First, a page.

Westboro Baptist Church in Kansas has a peculiar notion of war and tragedy. They believe God is upset with the U.S. for its tolerance toward homosexuality and that’s why American soldiers are coming home from the Middle East in coffins. In protest of America’s errant ways, members of the church picket the funerals of fallen soldiers to stand among the newly widowed and childless and wave ‘God Hates Fags’ banners. But don’t tell them they’re crazy, or the blood of children will be on your hands. According to the church, the killing of five Amish school girls in Pennsylvania on Oct. 2 was God’s way of punishing the country for comments Gov. Ed Rendell made about the church on FOX. In response, members of the church planned to picket the Amish funeral, signs in tow (a plan which was derailed when a nationally syndicated radio personality bribed them with free airtime). It must take incredible resolve to stare down an entire country and maliciously augment the already unimaginable suffering of funeral attendees.
But this strangeness wasn’t on my mind as I stepped out of the last of my lectures Tuesday to find the sun ricocheting off the wall. Happy for it, I buttoned my coat and stepped out the doors of the science link and onto the lawn. There, in the crisp fall light I saw my late son, mutilated and plastered on monuments about the lawn. Who would do such a thing? Who could be so sadistic? Then I saw them: men standing safe behind two rows of snow-fence and under the watchful eye of Campus Security. I had no warning of this. No barricade stood between me and the spectacle to warn me that my dead son, immortalized in Kinko ink, was standing just ahead; his exhumation sanctioned by the university.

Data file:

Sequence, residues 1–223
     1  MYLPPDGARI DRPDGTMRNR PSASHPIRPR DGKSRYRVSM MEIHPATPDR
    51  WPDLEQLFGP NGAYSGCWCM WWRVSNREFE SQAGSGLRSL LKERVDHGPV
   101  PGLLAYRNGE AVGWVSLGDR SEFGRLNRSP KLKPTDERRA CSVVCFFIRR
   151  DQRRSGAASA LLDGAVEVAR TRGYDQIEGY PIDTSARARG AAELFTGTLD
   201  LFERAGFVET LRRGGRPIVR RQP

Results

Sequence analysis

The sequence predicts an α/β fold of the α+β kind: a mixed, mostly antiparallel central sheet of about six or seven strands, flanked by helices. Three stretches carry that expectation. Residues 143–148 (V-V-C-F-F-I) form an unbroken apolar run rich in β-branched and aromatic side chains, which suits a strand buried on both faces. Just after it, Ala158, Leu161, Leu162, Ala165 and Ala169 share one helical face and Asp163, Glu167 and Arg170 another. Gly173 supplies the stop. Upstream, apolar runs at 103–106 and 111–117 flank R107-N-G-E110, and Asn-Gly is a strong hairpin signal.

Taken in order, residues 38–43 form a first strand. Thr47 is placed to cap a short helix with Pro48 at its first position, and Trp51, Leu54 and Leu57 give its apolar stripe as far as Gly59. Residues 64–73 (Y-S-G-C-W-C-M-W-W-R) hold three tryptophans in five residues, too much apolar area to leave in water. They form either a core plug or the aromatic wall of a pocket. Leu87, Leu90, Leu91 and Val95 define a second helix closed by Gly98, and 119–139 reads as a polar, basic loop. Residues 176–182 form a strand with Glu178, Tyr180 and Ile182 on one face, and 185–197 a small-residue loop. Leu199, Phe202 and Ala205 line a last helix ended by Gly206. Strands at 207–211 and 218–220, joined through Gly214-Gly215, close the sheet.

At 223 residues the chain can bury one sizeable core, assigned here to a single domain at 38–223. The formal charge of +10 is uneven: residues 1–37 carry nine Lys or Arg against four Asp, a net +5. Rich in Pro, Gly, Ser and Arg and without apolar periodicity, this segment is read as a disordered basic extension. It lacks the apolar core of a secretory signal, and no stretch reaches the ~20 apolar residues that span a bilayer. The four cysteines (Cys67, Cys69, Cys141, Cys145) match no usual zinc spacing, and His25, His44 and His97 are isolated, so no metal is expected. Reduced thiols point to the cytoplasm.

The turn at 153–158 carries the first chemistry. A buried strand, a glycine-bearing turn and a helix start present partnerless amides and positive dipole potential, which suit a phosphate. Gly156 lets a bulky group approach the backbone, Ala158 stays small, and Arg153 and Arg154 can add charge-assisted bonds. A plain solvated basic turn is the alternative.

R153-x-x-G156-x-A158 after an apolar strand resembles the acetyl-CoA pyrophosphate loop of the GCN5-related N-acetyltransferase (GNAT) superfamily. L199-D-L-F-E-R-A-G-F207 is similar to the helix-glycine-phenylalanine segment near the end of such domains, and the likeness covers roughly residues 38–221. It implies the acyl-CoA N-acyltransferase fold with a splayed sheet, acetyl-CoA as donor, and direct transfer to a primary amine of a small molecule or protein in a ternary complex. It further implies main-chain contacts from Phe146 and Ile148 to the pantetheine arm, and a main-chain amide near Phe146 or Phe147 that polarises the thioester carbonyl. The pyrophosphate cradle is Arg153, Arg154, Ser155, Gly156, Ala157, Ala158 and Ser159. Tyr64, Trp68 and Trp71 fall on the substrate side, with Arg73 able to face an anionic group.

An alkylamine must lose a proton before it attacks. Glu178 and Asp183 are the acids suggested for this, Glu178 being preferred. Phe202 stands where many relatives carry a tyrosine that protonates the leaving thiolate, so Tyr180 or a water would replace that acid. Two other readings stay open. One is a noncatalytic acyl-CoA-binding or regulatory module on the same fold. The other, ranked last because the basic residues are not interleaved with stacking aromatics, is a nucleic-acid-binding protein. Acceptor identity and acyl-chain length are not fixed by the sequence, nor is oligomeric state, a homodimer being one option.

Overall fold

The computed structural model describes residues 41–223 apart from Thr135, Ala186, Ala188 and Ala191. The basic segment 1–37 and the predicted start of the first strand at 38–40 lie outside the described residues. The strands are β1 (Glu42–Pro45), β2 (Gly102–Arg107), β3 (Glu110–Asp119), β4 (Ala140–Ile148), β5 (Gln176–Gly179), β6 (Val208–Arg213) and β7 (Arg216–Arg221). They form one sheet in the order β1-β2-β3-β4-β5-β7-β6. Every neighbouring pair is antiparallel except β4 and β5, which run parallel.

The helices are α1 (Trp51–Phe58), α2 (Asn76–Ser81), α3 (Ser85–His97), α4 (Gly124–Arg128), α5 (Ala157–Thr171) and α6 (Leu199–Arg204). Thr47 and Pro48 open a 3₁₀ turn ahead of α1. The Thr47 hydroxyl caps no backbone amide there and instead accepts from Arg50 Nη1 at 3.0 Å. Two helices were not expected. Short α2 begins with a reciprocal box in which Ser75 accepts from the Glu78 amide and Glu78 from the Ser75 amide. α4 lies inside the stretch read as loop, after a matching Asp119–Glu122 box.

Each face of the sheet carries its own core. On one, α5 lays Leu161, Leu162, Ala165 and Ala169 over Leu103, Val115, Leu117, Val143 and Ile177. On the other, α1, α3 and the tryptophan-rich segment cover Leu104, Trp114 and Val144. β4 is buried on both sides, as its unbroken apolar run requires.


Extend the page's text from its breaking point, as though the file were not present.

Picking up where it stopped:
This isn’t intended as a gambit for debate on the legitimacy of the pro-life movement, but rather how someone can take something so personal and sacred and twist it into abhorrent mongering. Or is it necessary to shock the passersby into the outrage we all should feel towards women who murder their children?
After all, the issue is crystal clear. Clearly it is better to birth a child into poverty and so force the single mother into two or three minimum-wage jobs. Clearly, it is better for the rape victim to bear and raise the daughter of her unknown assailant. Clearly, it is better for both mother and son to perish than to save one.
The mother of my late son was sick. Every doctor agreed that if she tried to carry him to term they would both most likely end up dead, and dodging that catastrophe, he would undoubtedly live a life of burden; his days spent struggling against the currents of countless possible birth defects that never waver in their tenacious want to drown him.
Campus Pro-life, much like Westboro Baptist, claim they “do not believe in the use of violent means,” but there seems to be few things more violent than dragging the decaying remains of my unborn child out into the light to remind me of all that was possible and all that was lost. The mother of my late son is at the top of her class, a culinary genius, and dreams of opening her own resort in the Rockies. Clearly, it is better to blindly trade such promise and vision for a desperate grasp at something that’s already gone.